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Riley Child Development LEND Program

Postdoctoral Psychology Fellowship: Clinical Research in Autism Spectrum Disorder

The Riley Child Development Center (RCDC) Leadership Education in Neurodevelopmental
Disabilities (LEND) program is currently accepting applications for a psychology postdoctoral
fellowship position for the 2021-2022 academic year with a focus on clinical research in autism spectrum disorder (ASD). This fellowship offers a unique opportunity to be part of a vibrant crossinstitution research team as well as to gain clinical and research experience in assessment of toddlers at risk for ASD.

The RCDC LEND has been situated in the Department of Pediatrics in the Indiana University
School of Medicine (IUSM) since 1970. The Department of Pediatrics is home to several research centers, boasts an outstanding reputation in clinical, basic science and translational research, and is consistently among the top five to ten percent of National Institutes of Health pediatric funding recipients nationally. The mission of the RCDC LEND is to provide an interdisciplinary training experience that prepares graduate and post-graduate professionals from numerous health, education, and related disciplines to deliver high-quality services that result in improved systems of care for persons with ASD and other neurodevelopmental and related disabilities (including cognitive disabilities, neurodegenerative and acquired neurological disorders) and their families. More information about the RCDC LEND program can be found here:

  • The psychology postdoctoral fellow will work with faculty in the RCDC LEND to develop a tailored training plan that incorporates the following clinical and research experiences:
    • Participation in clinical research evaluations of toddlers at-risk for ASD in the primary care setting. The fellow will obtain research reliability in use of the ADOS-2, as well as gain significant experience with developmental evaluation and clinical interviewing. Evaluations are conducted as part of an NIH-funded project (Dr. Becca McNally, IUSM; Dr. Brandon
    Keehn, Purdue University) focused on investigating an innovative model of early ASD
    diagnosis that links community-based clinical evaluation with the assessment of
    biobehavioral markers in the primary care setting.
    • Participation in training of primary care clinicians in assessment and diagnosis of ASD as part of an ongoing statewide network and learning collaborative focused on lowering the age of ASD diagnosis. As part of this experience, the postdoctoral fellow will obtain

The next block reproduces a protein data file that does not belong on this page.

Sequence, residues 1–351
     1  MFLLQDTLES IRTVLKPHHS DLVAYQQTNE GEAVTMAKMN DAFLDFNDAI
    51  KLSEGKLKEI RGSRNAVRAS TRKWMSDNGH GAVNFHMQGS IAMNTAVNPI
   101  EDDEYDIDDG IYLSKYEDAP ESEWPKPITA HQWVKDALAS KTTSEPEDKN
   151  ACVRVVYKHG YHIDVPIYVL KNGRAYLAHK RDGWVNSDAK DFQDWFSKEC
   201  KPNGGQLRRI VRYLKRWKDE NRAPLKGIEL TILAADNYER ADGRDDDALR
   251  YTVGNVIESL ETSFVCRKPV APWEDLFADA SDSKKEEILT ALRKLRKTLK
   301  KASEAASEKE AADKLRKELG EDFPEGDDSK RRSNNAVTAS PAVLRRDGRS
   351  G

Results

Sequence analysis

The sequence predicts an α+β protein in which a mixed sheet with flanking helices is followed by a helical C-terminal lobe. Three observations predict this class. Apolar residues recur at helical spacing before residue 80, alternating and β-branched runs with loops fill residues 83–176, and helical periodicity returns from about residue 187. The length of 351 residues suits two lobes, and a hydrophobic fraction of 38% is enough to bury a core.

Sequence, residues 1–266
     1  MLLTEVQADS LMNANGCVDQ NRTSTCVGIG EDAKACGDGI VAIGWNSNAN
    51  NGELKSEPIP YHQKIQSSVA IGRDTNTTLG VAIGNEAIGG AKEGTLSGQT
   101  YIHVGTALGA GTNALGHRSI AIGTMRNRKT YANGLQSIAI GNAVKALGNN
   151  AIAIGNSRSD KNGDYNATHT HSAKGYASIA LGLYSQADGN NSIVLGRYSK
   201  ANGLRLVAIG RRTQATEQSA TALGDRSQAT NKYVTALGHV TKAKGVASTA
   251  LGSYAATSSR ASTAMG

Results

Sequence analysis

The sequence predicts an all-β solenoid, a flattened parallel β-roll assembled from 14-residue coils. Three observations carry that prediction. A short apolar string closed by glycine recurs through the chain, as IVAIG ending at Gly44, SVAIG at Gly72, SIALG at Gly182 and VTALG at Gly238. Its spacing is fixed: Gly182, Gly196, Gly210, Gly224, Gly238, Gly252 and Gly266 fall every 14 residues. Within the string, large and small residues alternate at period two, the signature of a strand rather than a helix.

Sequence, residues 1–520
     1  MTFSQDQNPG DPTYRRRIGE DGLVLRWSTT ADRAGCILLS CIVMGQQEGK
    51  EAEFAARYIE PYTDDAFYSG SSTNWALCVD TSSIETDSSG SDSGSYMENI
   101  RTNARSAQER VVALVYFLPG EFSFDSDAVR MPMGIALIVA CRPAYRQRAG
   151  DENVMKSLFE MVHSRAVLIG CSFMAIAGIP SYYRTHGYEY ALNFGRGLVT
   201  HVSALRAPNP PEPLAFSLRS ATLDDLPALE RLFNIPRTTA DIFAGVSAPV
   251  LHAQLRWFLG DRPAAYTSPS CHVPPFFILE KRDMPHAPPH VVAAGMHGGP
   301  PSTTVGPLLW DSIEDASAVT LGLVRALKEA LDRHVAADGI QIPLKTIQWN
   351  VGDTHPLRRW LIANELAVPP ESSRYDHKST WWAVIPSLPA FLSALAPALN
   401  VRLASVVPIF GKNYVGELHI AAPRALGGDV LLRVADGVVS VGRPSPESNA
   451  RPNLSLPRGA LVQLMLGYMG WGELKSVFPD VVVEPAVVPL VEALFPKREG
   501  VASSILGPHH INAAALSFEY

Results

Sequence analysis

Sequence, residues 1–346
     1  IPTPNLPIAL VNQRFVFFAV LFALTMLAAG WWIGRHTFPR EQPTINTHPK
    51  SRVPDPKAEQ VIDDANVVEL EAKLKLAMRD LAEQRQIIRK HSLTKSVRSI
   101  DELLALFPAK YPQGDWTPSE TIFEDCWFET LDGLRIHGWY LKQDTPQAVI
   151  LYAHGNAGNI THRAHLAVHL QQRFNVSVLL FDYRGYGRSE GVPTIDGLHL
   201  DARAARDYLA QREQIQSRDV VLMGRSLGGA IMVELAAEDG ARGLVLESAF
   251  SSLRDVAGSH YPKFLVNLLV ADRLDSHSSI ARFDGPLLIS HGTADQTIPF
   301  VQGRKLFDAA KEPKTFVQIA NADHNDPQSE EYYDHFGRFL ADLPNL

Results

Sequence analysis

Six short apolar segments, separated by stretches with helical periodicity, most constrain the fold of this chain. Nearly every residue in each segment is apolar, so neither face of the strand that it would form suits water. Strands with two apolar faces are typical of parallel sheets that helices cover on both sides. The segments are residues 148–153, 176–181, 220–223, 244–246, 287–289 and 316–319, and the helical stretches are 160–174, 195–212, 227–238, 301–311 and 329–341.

experience in quality improvement science (Dr. Mary Ciccarelli & Dr. Becca McNally,
    • Participation in RCDC’s LEND interdisciplinary assessment and diagnostic clinics. A
    primary focus is differential diagnosis of ASD in toddlers through transition-aged young
    adults. Fellows acquire significant experience in clinical interviewing as well as
    administration, scoring, and interpretation of ADOS-2 and cognitive and adaptive
    assessments. Some clinics include working with an interdisciplinary team with a
    speech/language fellow, social workers, nutritionists, dental residents, and a
    developmental pediatrician. Other opportunities may include conducting early intervention evaluations, learning disability assessments, and short-term interventions.
    • Engagement in clinical research with the expectation to develop an individual research
    project resulting in a poster presentation and/or publication. Formal research training and mentorship in project development/implementation, data collection and analysis, and scientific dissemination will be provided.
    • Didactic and discussion-based group learning opportunities are offered weekly. In addition to department and division-wide grand rounds and journal club, fellows participate in the LEND didactic seminar with the interdisciplinary LEND cohort. The LEND seminars
    encompass a variety of topics including policy and advocacy, family-centered care, and
    cultural competency. practices, and the creation of community support programs.
    • Psychology post-doctoral fellows receive supervision from licensed psychologists within the Division of Child Development. Each fellow has a primary supervisor with whom they meet weekly to discuss cases, professional development, and other administrative and/or supervisory issues. Additionally, each clinic (and research clinic) has a primary psychologist who provides live supervision throughout that day.
  1. Qualifications:
    1. Doctorate in psychology (clinical or school psychology from an APA-accredited program) or related field
    2. Demonstrated potential for a career in child development/psychology with an emphasis on neurodevelopmental evaluation

The ideal candidate will have experience in 1) assessment and diagnosis of individuals with ASD, with a preference given to candidates with experience in assessment of toddlers and clinical or research use of the ADOS-2, and 2) participation on a research team with a demonstrated interest in research focused on neurodevelopmental disabilities, including ASD. Candidates from diverse backgrounds are encouraged to apply.

  1. Letter of interest outlining fit with fellowship position and training goals for the postdoctoral year
  2. Curriculum Vita (include awarded or expected date of doctoral degree)
  3. 3 letters of reference (to be submitted separately by letter writers)

Please send all application materials to Dr. Becca McNally at Applications are reviewed on a rolling basis until the position is filled.

Salary and Benefits: Salary commensurate with NIH guidelines for postdoctoral fellows
( plus IUSM healthcare
Start Date: September 1, 2021

Contact Dr. Becca McNally, Assistant Professor of Pediatrics, at with
questions about the fellowship or to submit your application.

To apply for this job email your details to